Granger: Forget Points, I Want To Win
By Mike Wells
Posted: March 27, 2009
Danny Granger's frustration was put into perspective nine days ago.
Granger had just tallied his 17th 30-point game, but the Indiana Pacers had lost. Again. Rather than stick around to talk about his performance, Granger exited the locker room quickly.
"It's not about what I did," he said several days later. "I didn't want to say anything that would get me in trouble. I could (not) care less about scoring the points. It makes me more mad if I score a lot and we lose. It's been a tough year for us."
Granger's career-best season has been one of the few bright spots on a team that will have a losing record and likely miss the playoffs for the third consecutive year.
He is sixth in the league in scoring at 24.8 points per game. He made his first All-Star appearance. And he'll likely be in the running for the league's Most Improved Player award after increasing his scoring five-plus points for the third consecutive season.
So what, he said.
Individual accomplishments don't matter when the team is faltering.
"Making the All-Star team was one of my goals when the season started," Granger said. "But I don't want to hear about being an All-Star anymore. It's done now. It's about the success of the team. No one looks at if you were an All-Star. They look at how successful you've been as a team. We haven't been successful."
Pacers coach Jim O'Brien said Granger has told teammates scoring isn't the most important objective.
"You can definitely tell he's matured," O'Brien said. "He wants to be in the playoffs. He's all about winning. It's not a matter of playing for a contract because he's already got his contract."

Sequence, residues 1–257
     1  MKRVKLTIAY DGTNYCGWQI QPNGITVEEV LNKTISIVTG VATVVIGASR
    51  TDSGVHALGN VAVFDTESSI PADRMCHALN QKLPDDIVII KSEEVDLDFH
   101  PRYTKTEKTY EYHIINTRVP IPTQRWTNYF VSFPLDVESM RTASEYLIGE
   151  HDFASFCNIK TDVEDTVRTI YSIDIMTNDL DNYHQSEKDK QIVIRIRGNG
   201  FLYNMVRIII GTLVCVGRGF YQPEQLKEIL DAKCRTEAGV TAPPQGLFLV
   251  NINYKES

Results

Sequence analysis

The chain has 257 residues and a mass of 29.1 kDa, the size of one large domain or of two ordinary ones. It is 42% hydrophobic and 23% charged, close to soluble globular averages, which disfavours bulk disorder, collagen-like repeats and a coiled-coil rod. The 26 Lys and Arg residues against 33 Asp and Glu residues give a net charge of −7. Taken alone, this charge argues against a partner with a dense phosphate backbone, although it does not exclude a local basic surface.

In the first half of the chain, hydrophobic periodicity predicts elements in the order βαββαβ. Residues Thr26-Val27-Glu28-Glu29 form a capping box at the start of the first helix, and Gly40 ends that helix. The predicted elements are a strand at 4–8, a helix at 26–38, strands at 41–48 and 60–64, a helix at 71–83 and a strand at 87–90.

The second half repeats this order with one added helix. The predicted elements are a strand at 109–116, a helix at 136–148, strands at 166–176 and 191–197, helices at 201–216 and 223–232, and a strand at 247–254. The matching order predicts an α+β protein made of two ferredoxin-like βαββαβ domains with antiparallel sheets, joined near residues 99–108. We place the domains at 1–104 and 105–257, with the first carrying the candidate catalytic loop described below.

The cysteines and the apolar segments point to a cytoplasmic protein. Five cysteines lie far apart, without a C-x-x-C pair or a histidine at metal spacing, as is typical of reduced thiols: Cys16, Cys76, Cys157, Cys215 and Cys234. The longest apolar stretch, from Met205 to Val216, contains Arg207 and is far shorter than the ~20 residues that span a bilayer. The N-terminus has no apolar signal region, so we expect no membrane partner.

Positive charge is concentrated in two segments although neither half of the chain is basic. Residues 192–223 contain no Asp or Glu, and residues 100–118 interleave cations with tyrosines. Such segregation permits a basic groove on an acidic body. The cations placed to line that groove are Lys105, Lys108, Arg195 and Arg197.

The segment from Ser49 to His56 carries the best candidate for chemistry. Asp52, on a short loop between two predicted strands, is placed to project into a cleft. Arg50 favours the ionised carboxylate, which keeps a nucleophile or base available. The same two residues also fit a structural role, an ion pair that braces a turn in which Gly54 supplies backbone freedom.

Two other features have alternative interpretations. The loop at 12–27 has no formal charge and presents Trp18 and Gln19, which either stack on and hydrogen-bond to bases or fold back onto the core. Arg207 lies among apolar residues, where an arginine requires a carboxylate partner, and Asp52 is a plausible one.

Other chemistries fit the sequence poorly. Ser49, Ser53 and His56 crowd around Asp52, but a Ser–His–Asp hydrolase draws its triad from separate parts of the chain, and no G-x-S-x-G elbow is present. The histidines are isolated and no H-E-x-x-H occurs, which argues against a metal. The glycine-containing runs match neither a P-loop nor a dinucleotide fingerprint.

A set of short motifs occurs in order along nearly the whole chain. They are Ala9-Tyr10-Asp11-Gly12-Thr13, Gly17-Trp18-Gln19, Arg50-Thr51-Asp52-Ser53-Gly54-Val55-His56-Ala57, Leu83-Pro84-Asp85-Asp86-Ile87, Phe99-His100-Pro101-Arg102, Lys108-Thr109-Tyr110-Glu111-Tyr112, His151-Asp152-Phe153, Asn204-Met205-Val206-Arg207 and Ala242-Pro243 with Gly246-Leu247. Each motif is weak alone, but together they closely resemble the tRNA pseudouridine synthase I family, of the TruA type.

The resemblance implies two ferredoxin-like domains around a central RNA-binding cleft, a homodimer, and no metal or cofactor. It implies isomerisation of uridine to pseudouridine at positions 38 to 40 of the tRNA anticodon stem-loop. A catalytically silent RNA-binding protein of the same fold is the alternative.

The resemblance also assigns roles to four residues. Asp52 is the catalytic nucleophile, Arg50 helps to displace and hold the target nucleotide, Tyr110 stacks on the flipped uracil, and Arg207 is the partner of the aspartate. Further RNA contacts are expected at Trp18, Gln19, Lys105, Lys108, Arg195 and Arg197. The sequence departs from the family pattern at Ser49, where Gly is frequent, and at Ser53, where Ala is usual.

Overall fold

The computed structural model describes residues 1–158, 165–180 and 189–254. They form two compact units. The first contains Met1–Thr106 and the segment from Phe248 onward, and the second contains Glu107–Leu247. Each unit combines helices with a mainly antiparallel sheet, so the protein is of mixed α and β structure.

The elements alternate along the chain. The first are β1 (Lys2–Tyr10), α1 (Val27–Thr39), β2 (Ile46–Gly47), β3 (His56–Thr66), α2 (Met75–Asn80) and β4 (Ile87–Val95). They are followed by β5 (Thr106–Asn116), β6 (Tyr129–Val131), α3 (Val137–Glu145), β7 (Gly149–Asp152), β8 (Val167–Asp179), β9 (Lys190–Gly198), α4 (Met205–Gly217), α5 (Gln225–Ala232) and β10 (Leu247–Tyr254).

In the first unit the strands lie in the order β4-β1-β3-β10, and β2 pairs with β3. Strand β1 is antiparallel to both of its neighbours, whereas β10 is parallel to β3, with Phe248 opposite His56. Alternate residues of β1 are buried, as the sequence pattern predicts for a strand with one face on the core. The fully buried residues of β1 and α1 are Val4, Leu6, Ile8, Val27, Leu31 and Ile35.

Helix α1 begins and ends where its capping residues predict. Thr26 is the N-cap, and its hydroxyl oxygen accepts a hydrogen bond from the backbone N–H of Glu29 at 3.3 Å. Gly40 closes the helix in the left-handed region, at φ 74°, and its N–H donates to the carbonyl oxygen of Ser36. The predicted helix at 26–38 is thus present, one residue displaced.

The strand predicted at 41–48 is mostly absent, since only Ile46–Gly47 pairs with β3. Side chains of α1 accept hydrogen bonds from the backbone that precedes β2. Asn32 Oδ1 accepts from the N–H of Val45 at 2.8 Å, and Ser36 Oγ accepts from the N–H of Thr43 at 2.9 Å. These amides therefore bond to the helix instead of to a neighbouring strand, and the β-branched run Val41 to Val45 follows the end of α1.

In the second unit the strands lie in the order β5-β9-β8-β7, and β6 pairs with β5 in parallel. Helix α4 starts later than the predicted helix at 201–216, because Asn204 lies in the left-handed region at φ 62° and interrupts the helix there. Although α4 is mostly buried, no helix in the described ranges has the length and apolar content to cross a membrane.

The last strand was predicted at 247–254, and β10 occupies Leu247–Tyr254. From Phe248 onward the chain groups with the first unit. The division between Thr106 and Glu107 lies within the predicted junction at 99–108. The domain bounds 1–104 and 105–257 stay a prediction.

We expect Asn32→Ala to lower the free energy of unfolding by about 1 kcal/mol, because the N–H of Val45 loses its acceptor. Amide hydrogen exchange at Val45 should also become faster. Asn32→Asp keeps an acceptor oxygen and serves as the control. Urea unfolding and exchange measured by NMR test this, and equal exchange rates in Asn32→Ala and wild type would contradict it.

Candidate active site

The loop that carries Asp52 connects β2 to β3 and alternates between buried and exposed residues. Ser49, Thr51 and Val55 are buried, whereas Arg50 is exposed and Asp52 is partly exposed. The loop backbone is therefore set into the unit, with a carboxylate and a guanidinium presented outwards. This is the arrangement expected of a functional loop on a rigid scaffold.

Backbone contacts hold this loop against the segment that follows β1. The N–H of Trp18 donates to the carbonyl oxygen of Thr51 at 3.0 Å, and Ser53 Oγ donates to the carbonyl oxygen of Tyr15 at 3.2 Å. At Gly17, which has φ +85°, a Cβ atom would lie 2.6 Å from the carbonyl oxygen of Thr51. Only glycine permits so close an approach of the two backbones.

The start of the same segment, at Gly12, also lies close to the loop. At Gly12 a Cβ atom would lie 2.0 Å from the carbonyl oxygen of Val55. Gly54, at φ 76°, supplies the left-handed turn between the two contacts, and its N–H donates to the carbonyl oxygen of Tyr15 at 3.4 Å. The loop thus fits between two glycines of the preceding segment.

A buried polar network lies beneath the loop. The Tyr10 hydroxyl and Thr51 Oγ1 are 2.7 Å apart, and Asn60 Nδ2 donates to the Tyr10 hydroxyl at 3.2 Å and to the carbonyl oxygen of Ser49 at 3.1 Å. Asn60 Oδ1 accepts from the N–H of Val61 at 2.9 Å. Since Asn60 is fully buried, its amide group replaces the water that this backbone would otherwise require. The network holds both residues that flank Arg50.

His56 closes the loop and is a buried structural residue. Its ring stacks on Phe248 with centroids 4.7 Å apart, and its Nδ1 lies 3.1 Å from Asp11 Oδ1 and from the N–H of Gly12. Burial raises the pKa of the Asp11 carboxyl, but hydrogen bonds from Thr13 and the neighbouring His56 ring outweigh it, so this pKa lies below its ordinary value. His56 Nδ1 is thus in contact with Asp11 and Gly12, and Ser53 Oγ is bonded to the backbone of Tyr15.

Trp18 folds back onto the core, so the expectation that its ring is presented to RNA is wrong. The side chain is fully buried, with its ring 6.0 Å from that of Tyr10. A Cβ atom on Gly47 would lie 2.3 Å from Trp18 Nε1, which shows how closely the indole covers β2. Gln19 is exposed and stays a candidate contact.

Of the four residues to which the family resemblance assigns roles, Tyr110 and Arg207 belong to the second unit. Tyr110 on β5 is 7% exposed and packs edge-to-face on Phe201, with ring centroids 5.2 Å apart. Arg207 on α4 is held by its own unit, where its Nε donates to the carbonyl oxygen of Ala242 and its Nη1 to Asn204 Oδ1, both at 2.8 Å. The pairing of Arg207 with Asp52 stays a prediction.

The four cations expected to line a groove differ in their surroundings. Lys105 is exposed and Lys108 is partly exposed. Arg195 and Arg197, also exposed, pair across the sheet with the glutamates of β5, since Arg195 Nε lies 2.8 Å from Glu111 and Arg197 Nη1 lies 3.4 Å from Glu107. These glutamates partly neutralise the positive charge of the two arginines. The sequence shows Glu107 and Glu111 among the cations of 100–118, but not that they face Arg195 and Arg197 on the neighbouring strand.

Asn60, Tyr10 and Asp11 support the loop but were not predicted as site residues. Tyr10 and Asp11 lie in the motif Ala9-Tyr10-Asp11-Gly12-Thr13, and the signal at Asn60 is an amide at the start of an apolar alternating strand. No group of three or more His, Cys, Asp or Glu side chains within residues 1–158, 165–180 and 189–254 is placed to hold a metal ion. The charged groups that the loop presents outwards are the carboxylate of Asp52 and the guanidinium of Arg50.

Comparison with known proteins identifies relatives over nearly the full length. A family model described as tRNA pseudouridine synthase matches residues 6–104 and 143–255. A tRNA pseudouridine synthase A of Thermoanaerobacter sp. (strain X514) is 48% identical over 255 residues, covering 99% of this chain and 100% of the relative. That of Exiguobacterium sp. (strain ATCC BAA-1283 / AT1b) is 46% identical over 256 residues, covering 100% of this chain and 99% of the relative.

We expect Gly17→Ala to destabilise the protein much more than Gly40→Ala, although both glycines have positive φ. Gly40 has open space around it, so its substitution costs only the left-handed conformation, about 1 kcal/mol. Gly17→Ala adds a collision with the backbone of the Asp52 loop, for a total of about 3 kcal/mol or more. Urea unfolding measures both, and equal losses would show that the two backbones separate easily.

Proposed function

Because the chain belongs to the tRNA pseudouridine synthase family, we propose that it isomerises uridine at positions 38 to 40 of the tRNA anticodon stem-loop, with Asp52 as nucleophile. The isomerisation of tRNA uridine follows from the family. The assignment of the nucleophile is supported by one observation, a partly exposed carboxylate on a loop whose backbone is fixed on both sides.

The Pacers haven't made the playoffs since Granger's rookie season in 2005-06. They're a combined 101-135 since the 2006-07 season.
"I came to a franchise that made the playoffs on a regular basis, then this trade happened, that trade happened," Granger said. "The next thing you know, we're at the bottom of the league.
"We've had different players come in and different players leave each year. I think when we get that base of players we know (will) be here, then we can make some strides."
The Pacers are in the first year of their rebuilding plan.
They were expected to struggle after adding seven new players. Mike Dunleavy's knee injury added to the problems. Dunleavy played just 18 games before having season-ending surgery.
Dunleavy's absence put pressure on Granger to score and be even more of a leader.
"Danny doesn't say a lot, which isn't necessary to be a leader; he's led by example this season," president Larry Bird said. "He's one of those guys that takes the game serious. He does things before, during and after practice that are supposed to be done to improve. The other players see that."
Call Star reporter Mike Wells at (317) 444-6053.